"In the midst of this human suffering and economic turmoil, it is morally repugnant that billionaire hedge fund managers on Wall Street are demanding that Puerto Rico fire teachers, close schools, cut pensions, and lower the minimum wage so that they can reap huge profits off the suffering and misery of the American citizens on that island," Sanders said.

He emphasized: "We have to understand that Puerto Rico's $70 billion in debt is unsustainable and unpayable. That is just a fact."

Some Democrats have admitted that they think the bill is bad, but argued it must be passed as it is the only way for Puerto Rico to be able to restructure its debts and avoid expensive legal fees when creditors take it to court.

Menéndez, however, pointed out that, regardless of PROMESA, bondholders are going to take Puerto Rico to court anyway, and will likely challenge the constitutionality of the bill.

As of Friday, in fact, Gov. Garcia Padilla's authorization was already challenged by a creditor lawsuit filed in a U.S. district court in Manhattan, New York, Reuters reported.

Before he signed the bill, President Obama told reporters, "I want to let the people of Puerto Rico know that although there are still some tough work that we're going to have to do to dig Puerto Rico out of the hole that it's in, this indicates how committed my administration is to making sure that they get the help they need."

The bill is frequently referred to as Puerto Rico Oversight, Management and Economic Stability Act, but, although this is one of its names, given all of the changes to the legislation in Congress, its official name is actually strangely the National Sea Grant College Program Act.

Gov. García Padilla has declared multiple states of emergency in Puerto Rico, including at the country's public pension, which is more than 99 percent underfunded; at the University of Puerto Rico and more, Reuters reported.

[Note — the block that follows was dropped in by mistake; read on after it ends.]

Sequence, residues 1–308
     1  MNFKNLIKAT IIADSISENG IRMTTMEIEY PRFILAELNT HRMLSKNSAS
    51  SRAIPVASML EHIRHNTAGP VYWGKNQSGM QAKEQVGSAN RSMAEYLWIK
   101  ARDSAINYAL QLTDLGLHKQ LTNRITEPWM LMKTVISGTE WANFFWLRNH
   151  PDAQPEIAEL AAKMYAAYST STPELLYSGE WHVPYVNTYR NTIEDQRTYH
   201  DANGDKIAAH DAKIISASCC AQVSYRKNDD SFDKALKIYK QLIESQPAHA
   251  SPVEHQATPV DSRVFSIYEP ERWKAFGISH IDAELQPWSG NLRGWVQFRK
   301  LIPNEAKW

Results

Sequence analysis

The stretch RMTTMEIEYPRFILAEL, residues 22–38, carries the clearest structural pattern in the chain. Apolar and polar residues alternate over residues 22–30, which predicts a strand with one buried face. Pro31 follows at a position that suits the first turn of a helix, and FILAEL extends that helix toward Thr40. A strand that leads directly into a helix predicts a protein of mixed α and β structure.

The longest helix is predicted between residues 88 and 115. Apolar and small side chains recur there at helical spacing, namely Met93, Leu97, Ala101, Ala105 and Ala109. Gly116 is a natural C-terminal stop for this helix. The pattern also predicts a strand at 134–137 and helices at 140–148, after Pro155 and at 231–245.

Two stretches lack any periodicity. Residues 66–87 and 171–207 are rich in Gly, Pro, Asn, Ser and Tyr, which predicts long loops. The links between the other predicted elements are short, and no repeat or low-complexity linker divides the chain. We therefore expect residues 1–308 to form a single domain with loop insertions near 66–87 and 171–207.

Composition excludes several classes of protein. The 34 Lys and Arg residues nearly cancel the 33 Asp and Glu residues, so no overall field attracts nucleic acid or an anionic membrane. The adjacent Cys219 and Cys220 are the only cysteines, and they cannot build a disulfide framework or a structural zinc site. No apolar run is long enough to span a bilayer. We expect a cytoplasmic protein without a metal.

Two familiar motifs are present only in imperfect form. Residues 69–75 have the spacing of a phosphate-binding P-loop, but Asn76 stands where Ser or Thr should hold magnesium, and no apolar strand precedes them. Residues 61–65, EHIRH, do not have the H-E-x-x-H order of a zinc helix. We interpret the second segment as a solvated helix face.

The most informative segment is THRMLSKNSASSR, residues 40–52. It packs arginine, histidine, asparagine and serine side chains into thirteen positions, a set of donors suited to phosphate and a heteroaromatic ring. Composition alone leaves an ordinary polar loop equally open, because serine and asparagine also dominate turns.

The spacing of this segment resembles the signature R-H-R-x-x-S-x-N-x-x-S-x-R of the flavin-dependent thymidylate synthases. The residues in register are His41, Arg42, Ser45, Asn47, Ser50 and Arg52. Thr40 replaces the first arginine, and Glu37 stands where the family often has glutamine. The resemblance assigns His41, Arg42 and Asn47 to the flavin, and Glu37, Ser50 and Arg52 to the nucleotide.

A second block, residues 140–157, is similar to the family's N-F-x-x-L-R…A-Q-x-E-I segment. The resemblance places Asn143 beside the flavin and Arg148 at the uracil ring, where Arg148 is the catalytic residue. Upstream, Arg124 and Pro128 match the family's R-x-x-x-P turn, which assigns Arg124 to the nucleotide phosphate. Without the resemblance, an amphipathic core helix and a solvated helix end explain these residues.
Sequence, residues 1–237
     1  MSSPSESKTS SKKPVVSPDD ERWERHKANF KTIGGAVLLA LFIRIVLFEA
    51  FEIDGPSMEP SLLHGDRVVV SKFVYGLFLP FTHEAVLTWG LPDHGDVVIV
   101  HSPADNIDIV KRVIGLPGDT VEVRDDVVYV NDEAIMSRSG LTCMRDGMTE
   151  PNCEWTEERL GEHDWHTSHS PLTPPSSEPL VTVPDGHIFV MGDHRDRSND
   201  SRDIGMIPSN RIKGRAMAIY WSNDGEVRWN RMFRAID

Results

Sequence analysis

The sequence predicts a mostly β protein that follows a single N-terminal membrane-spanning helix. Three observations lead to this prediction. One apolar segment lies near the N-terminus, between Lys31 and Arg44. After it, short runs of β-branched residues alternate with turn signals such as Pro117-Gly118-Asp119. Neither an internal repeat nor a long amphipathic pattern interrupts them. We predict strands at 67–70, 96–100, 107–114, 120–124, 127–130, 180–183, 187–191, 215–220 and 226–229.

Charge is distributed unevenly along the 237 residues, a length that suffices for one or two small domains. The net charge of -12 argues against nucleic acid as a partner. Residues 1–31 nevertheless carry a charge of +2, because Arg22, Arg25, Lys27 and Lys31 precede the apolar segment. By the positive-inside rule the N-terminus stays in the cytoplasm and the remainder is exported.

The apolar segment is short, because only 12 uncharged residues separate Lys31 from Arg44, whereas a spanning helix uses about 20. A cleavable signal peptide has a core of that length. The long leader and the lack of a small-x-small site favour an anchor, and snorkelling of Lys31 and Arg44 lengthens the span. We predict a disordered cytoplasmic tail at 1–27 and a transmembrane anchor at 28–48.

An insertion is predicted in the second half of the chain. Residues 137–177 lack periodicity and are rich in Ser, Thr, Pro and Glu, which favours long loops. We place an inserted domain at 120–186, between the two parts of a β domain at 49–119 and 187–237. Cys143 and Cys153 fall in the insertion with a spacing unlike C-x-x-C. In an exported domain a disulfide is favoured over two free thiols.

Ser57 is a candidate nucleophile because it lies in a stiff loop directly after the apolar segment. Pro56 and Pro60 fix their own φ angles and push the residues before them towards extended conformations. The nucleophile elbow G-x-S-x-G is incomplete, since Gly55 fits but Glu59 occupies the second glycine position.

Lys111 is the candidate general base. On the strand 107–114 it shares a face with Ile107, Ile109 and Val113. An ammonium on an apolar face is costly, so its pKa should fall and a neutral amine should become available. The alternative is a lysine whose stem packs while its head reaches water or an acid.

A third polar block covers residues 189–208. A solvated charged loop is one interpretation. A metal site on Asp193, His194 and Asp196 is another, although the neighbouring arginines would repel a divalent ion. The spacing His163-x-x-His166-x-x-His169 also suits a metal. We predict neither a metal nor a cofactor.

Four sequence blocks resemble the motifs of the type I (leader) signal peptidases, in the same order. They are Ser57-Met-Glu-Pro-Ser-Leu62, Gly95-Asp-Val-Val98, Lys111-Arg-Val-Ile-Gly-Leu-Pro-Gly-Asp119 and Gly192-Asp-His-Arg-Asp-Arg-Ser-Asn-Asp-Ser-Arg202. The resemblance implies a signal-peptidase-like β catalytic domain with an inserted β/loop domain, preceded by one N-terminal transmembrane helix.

In the last year, Puerto Rico defaulted three times on portions of its debt.

Government institutions like Puerto Rico's semi-public power utility, PREPA, announced they will make large payments to their creditors. PREPA said it will make the $415 million payment due on Friday. In the past, PREPA has fought attempts at privatization.

Foreign creditors often call on weak, debt-burdened governments to privatize state assets and open them up to international capital.

Award-winning journalist Juan González and many other experts have expressed outrage at the passage of the "colonial" legislation."

"It’s astonishing to me how so many liberals in this country, who rail about American aggression abroad, are being so silent over this absolute imposition of colonial control by the United States government over the affairs of Puerto Rico," he said on Democracy Now.

González called it "a really dark day for the people of Puerto Rico, who are completely opposed to this bill."

Activists have long said Puerto Rico is already a U.S. colony; this bill only further reinforces this colonial relationship.

By Ben Norton

Ben Norton is a politics reporter and staff writer at AlterNet. You can find him on Twitter at @BenjaminNorton.

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Related Topics ------------------------------------------

Austerity Bernie Sanders Bob Menendez Colonialism Hillary Clinton Neo-colonialism Neoliberalism Puerto Rico